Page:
In marked contrast to this strong tradition, there is a cultist convention in Southeast Asia, which depicts the Buddha in lavish royal attire and is known as Jambupati Buddha. One possible explanation for this convention derives from the meeting of the Buddha with King Jambupati. The haughty King Jambupati lived during the time of the Buddha and with his boundless power, he terrorized the world. The Buddha requested that Jambupati forsake evil and practice kindness, but Jambupati was not moved. Realizing the king’s total reluctance, the Buddha magically appeared in resplendent royal raiment that so awed Jambupati that he accepted the Buddhist precepts. In Southeast Asian countries like Burma, where rulers have very high if not semi-divine status, tales of this type justify the need for the king to worship the Buddha, the King of Kings.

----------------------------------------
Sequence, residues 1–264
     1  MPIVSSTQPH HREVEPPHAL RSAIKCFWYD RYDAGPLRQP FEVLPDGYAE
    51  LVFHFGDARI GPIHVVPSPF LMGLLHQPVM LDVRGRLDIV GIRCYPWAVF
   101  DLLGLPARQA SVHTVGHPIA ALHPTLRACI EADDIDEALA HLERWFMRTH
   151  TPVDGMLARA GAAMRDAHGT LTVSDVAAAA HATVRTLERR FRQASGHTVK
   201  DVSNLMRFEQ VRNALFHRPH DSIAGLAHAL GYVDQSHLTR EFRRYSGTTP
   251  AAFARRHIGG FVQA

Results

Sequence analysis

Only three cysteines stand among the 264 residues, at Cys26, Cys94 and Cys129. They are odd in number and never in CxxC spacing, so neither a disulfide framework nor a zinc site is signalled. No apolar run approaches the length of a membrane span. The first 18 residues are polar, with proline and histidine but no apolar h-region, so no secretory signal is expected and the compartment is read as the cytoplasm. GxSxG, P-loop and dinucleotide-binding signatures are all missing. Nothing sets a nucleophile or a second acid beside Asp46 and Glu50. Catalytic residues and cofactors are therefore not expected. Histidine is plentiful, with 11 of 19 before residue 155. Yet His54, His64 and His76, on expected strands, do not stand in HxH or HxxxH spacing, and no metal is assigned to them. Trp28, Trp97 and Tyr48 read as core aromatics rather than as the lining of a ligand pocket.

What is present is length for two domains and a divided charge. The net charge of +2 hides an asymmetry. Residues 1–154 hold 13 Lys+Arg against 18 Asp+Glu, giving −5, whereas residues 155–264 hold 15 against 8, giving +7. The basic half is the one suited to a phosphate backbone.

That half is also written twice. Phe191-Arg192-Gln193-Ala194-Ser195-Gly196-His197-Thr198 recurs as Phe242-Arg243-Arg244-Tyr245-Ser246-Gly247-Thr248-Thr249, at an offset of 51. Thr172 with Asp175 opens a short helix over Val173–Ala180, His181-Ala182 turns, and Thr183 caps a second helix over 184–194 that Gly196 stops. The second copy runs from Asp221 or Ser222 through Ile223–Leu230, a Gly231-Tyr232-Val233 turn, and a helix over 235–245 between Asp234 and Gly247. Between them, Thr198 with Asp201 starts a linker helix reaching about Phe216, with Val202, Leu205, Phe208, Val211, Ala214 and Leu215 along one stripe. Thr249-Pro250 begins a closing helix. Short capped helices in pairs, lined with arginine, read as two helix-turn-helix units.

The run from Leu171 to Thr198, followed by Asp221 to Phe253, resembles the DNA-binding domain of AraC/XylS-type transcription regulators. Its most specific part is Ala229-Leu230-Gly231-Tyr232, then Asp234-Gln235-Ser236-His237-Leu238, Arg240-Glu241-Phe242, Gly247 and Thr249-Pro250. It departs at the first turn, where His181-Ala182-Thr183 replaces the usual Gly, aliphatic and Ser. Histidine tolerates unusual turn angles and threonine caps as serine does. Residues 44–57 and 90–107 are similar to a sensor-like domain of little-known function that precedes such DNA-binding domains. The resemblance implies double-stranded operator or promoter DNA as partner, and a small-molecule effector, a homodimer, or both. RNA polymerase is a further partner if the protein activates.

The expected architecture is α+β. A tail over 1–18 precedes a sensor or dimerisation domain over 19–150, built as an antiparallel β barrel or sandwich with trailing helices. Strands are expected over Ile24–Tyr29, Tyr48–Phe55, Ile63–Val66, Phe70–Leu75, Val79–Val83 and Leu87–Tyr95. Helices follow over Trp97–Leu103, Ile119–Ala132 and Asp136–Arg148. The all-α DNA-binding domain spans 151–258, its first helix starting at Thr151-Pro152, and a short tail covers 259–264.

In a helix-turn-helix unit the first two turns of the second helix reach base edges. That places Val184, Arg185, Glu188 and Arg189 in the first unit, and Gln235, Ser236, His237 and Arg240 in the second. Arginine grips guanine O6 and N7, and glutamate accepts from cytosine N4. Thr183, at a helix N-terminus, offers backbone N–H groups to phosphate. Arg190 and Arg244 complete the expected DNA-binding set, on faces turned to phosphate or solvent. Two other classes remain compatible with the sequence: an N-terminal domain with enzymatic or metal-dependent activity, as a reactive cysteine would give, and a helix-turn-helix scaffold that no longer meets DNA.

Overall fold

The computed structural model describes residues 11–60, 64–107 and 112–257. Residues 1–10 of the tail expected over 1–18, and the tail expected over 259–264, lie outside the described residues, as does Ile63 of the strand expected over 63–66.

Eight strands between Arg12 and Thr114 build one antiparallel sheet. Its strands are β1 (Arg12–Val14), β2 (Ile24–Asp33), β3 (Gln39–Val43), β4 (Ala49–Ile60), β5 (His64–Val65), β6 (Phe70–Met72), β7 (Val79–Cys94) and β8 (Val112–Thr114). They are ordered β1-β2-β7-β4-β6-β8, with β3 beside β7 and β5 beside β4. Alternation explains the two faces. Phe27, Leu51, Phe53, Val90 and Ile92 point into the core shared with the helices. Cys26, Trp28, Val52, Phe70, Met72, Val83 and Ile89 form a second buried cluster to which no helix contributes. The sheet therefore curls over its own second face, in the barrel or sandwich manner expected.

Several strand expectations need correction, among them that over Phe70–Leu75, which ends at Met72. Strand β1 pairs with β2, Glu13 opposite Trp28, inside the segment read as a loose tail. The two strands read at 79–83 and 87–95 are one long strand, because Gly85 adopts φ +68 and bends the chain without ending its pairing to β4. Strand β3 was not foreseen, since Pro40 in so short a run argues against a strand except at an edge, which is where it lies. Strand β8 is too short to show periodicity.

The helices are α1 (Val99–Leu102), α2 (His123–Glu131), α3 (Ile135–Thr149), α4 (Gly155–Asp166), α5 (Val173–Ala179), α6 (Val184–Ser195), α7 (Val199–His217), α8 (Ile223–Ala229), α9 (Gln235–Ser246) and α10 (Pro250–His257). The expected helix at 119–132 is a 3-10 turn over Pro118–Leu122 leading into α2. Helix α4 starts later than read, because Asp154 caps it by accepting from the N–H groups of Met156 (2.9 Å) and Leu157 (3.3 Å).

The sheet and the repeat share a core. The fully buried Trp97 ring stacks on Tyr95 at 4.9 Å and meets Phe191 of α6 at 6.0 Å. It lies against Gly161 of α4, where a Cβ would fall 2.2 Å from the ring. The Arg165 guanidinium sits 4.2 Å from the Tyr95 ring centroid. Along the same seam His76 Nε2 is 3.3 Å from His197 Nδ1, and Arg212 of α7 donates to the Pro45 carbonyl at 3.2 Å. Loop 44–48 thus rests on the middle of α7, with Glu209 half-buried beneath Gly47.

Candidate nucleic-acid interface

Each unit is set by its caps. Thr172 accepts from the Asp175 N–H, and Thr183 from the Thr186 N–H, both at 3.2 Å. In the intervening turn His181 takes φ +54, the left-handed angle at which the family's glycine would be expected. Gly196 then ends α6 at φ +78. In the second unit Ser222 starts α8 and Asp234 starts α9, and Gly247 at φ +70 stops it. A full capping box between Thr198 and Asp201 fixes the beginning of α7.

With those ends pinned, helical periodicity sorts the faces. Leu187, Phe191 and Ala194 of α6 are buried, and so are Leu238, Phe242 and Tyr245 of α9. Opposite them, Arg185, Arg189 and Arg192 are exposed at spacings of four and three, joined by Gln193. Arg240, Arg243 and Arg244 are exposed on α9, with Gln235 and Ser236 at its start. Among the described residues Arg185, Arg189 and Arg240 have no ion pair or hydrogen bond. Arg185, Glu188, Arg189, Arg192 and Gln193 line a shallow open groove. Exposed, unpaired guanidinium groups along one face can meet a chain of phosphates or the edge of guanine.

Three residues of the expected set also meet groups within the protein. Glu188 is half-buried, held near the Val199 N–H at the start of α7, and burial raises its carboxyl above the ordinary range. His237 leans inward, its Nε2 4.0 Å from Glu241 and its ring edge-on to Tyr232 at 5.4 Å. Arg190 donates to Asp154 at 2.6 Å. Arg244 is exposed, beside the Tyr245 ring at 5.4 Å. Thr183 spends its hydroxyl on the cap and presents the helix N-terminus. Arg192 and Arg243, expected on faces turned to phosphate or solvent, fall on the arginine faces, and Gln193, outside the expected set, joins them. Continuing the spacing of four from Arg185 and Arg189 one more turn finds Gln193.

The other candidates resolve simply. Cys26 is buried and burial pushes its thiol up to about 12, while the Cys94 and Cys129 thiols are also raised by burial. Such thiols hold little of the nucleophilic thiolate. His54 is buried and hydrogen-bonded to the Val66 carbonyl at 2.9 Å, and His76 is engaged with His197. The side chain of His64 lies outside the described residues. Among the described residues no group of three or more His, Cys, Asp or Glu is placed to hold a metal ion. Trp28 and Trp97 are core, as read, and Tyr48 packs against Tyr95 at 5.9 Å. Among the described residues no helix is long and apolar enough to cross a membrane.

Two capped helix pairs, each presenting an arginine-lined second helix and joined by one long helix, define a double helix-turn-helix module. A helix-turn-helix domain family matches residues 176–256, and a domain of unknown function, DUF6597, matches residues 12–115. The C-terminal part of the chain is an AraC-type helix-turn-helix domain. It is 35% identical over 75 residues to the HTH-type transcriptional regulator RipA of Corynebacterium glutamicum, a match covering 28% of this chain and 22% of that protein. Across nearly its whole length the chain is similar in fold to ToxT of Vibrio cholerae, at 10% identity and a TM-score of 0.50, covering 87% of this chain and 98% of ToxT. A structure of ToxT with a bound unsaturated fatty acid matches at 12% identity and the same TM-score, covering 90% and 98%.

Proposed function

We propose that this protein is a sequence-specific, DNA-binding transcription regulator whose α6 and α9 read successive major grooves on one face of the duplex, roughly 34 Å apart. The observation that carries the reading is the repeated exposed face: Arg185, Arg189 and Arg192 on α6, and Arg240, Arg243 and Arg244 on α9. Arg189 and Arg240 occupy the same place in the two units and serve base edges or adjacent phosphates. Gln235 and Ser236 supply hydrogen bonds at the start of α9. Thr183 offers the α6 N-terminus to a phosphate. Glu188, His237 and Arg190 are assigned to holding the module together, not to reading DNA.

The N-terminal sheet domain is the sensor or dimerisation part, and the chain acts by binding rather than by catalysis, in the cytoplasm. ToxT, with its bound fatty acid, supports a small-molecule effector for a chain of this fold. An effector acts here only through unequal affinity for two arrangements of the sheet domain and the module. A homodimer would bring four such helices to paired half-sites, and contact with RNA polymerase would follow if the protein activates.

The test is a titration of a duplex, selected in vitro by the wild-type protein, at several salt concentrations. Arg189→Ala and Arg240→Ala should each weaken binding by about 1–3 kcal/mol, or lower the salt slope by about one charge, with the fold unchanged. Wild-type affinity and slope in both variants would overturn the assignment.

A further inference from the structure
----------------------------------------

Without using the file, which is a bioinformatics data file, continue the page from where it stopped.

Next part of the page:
Ava Paintings continued the major religious themes and subject matter of the Pagan Period while the settings were given a local context that included contemporary Burmese architecture, dress, hair-styles, and jewelry as well as local flora and fauna. Scenes from everyday life included not only court life and palace scenes but commoners involved in daily activities such as fishing, plowing or making ceramic pots.
There was a change in format away from small, neatly divided panels to long registers that allowed for the inclusion of more figures, particularly of subordinate characters or figures unrelated to the narrative. The last ten Jatakas were most favored and were presented more completely in great detail, at times a single Jataka covering an entire wall.
New pigments were introduced such as bright reds, yellows, blues but especially turquoise that produced richer more vivid paintings as seen in the Tilawkaguru Meditation caves (1672) in Sagaing and the Ananda Brick Monastery (Ananda Ot Kyaung) and the U Pali Ordination Hall (Thein) in Pagan.